Anything But Credible - Anastassiades on Christofias
President Demetris Christofias' comments on the economy are anything but credible to European officials, said presidential candidate Nikos Anastassiades.
The government has not taken measures to cut its costs, he said, and is not following its promises to the EU to cut its deficit to below 3 percent of GDP. Anastassiades is in the process of meeting with high-level EU officials in the hopes of finding support for bank recapitalisation.
Cyprus is drawing closer to requesting a bailout from the European Financial Stability Fund (EFSF).
Yesterday, Finance Minister Vassos Shiarly said a potential bailout would be needed to recapitalise banks and for the future needs of the entire economy. Borrowing from the EFSF is 'not bad or shameful', said Shiarly speaking before the House Finance Committee. He referred to Spain as an example, saying that Cyprus should follow in its footsteps and bail out its banks through a loan from the EFSF.
Over the weekend, Spain informed the Eurogroup it intended to apply for a 100 billion-euro loan from the EFSF to recapitalise its banks.
Time is running out for Laiki Bank, which lost 2.5 billion euros on its Greek debt exposure and now needs 1.8 billion to pass European Central Bank stress tests at the end of June. The state has already stepped in with a bail out plan for Laiki, and now expects to get the funds either from a third country or from the EFSF. But by the end of May, there was still no success in getting a bank recapitalisation loan from a third country, said Shiarly.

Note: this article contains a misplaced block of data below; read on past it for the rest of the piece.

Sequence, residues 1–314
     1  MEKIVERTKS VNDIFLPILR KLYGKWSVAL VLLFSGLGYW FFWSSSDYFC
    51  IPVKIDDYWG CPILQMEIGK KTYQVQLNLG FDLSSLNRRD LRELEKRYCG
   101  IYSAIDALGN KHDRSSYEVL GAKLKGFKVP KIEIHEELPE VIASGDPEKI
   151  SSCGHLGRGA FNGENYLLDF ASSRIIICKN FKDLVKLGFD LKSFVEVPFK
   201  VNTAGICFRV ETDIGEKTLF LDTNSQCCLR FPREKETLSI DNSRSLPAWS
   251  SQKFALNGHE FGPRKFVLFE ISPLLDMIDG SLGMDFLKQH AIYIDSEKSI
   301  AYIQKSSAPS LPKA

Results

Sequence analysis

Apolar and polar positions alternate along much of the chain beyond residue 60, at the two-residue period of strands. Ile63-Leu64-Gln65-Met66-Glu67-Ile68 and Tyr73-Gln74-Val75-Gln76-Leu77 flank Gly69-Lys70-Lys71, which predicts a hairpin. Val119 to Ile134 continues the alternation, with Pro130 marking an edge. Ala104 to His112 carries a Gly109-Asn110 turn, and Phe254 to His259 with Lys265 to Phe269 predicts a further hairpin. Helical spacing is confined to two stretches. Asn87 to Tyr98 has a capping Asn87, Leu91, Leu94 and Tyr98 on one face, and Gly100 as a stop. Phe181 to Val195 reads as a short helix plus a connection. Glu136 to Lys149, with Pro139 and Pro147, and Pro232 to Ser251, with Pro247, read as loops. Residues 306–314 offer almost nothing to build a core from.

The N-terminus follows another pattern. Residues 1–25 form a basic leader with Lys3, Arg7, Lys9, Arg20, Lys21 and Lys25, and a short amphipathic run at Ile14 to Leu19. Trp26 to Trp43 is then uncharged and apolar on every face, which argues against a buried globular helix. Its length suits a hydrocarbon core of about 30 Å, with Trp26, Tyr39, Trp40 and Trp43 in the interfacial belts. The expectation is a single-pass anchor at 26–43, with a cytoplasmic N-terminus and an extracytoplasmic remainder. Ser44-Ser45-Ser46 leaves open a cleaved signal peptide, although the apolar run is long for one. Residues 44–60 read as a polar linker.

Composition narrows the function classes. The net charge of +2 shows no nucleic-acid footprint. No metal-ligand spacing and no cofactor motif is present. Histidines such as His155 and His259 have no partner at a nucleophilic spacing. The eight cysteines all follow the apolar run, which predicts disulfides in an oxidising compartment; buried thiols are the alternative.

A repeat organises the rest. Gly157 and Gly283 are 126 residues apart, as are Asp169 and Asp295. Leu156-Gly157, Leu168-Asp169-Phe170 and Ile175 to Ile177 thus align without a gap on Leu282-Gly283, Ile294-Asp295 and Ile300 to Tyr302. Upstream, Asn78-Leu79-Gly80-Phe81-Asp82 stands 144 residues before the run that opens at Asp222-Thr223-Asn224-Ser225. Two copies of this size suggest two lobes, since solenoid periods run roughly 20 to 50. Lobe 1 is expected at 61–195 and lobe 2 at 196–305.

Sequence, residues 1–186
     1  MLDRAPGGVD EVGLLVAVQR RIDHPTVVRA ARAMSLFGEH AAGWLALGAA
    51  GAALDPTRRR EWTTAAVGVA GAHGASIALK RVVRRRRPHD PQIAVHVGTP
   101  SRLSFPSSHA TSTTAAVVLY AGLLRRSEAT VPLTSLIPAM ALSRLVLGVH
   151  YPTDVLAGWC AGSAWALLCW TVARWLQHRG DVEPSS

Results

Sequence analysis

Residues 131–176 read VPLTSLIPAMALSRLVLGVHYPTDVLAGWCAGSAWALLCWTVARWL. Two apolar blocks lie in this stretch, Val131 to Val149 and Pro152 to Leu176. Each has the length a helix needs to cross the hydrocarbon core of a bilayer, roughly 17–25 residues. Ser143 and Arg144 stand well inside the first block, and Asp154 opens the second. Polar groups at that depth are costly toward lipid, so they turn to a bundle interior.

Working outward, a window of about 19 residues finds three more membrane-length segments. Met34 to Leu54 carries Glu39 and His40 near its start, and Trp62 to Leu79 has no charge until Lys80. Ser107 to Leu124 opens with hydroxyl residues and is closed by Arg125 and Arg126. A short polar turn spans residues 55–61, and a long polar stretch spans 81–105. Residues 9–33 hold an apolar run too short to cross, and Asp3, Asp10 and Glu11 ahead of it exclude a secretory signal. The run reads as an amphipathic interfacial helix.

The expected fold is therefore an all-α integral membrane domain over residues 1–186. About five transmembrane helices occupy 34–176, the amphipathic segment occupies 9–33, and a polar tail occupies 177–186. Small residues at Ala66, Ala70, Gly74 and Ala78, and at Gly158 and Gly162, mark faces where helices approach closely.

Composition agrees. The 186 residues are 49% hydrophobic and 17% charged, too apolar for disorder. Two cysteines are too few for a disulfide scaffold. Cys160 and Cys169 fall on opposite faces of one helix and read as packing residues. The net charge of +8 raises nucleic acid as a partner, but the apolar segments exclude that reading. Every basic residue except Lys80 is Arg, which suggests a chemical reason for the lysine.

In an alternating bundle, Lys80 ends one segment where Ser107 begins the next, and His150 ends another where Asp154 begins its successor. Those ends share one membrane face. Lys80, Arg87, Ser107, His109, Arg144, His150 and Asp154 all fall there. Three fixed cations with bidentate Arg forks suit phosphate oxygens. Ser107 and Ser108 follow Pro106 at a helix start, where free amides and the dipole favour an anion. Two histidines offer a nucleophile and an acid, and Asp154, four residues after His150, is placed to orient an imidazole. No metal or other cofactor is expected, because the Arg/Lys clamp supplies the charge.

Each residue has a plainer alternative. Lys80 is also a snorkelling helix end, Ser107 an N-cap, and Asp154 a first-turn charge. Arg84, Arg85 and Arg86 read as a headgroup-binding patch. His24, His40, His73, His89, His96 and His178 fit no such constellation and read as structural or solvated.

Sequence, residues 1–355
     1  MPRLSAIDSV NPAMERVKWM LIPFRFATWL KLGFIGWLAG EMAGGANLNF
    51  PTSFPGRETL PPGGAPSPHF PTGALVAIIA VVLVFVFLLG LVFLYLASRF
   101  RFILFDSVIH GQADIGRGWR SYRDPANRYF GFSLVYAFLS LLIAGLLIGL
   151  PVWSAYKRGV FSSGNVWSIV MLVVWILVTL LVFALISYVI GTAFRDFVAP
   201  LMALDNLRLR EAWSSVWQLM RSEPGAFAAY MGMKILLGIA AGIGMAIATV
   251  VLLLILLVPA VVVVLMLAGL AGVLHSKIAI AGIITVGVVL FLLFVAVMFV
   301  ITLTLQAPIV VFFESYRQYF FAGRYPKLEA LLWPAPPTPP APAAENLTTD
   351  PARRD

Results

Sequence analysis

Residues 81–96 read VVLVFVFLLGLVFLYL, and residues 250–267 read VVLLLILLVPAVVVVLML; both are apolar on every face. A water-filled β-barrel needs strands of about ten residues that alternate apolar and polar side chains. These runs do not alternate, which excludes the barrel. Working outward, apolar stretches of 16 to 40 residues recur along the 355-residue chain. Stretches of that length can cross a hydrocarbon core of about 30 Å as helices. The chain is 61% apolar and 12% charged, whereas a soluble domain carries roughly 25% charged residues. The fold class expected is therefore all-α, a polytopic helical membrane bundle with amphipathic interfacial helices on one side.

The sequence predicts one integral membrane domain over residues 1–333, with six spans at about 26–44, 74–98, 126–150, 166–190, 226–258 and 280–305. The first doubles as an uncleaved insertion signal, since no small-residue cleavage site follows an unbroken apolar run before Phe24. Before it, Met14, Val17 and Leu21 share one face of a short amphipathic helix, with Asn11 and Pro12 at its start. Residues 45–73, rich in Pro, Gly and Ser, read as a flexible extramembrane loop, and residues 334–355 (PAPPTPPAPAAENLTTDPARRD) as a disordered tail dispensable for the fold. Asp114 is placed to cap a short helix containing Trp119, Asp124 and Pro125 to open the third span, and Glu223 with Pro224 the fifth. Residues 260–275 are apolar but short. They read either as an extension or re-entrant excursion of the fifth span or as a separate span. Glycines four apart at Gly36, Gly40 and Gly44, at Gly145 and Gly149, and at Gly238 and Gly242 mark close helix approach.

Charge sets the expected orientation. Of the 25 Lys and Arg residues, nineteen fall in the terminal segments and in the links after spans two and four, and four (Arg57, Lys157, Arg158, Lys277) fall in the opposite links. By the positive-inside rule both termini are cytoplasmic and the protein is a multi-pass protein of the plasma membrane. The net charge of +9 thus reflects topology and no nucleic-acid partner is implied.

The government is not in a position to bail out the banks amid an economy in a recession and no access to international borrowing markets. There is speculation that it may need more funds other than those for a bank recapitalisation. According to former Central Bank Governor Athanasios Orphanides, this is because the government overspent on its own running expenses like payroll and new projects, burning through the surplus and leaving the banking sector exposed and without back up.
Although there has been an economic slowdown in the eurozone and a recession in Cyprus, the government has been slow to cut its own costs, the income for which comes from taxes like VAT. During a recession, consumer spending slows down, reducing VAT income for the government. Businesses are also closing down, reducing the government's potential income even more.
Without timely cost reductions, the government's spending created a higher deficit, which reached 6.1 percent in 2011. A new package of cost-cutting measures has been promised by Finance Minister Vassos Shiarly but so far it has failed to appear amid resistance from President Demetris Christofias and trade unions, which oppose austerity measures on the grounds that they will prevent growth. This has resulted in calls from the opposition for Shiarly's resignation.
Realistically, hopes for true economic growth and development are limited this year, with the Central Bank forecasting negative economic growth of -1.1 percent.
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